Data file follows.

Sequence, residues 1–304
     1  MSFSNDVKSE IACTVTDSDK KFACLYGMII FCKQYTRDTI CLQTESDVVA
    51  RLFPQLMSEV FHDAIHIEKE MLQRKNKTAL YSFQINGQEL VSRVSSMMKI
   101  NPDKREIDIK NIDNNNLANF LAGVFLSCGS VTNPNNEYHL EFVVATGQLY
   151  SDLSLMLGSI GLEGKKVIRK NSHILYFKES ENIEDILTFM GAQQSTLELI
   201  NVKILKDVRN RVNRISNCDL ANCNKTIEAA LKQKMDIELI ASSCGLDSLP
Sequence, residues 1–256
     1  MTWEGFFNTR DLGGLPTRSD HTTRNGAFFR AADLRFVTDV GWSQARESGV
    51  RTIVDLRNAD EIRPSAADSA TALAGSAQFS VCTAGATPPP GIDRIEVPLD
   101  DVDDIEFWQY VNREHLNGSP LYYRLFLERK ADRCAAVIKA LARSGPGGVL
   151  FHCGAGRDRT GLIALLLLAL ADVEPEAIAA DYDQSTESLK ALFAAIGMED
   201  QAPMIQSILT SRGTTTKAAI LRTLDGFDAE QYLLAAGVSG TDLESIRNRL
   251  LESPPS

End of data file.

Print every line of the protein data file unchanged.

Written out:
Sequence, residues 1–304
     1  MSFSNDVKSE IACTVTDSDK KFACLYGMII FCKQYTRDTI CLQTESDVVA
    51  RLFPQLMSEV FHDAIHIEKE MLQRKNKTAL YSFQINGQEL VSRVSSMMKI
   101  NPDKREIDIK NIDNNNLANF LAGVFLSCGS VTNPNNEYHL EFVVATGQLY
   151  SDLSLMLGSI GLEGKKVIRK NSHILYFKES ENIEDILTFM GAQQSTLELI
   201  NVKILKDVRN RVNRISNCDL ANCNKTIEAA LKQKMDIELI ASSCGLDSLP
Sequence, residues 1–256
     1  MTWEGFFNTR DLGGLPTRSD HTTRNGAFFR AADLRFVTDV GWSQARESGV
    51  RTIVDLRNAD EIRPSAADSA TALAGSAQFS VCTAGATPPP GIDRIEVPLD
   101  DVDDIEFWQY VNREHLNGSP LYYRLFLERK ADRCAAVIKA LARSGPGGVL
   151  FHCGAGRDRT GLIALLLLAL ADVEPEAIAA DYDQSTESLK ALFAAIGMED
   201  QAPMIQSILT SRGTTTKAAI LRTLDGFDAE QYLLAAGVSG TDLESIRNRL
   251  LESPPS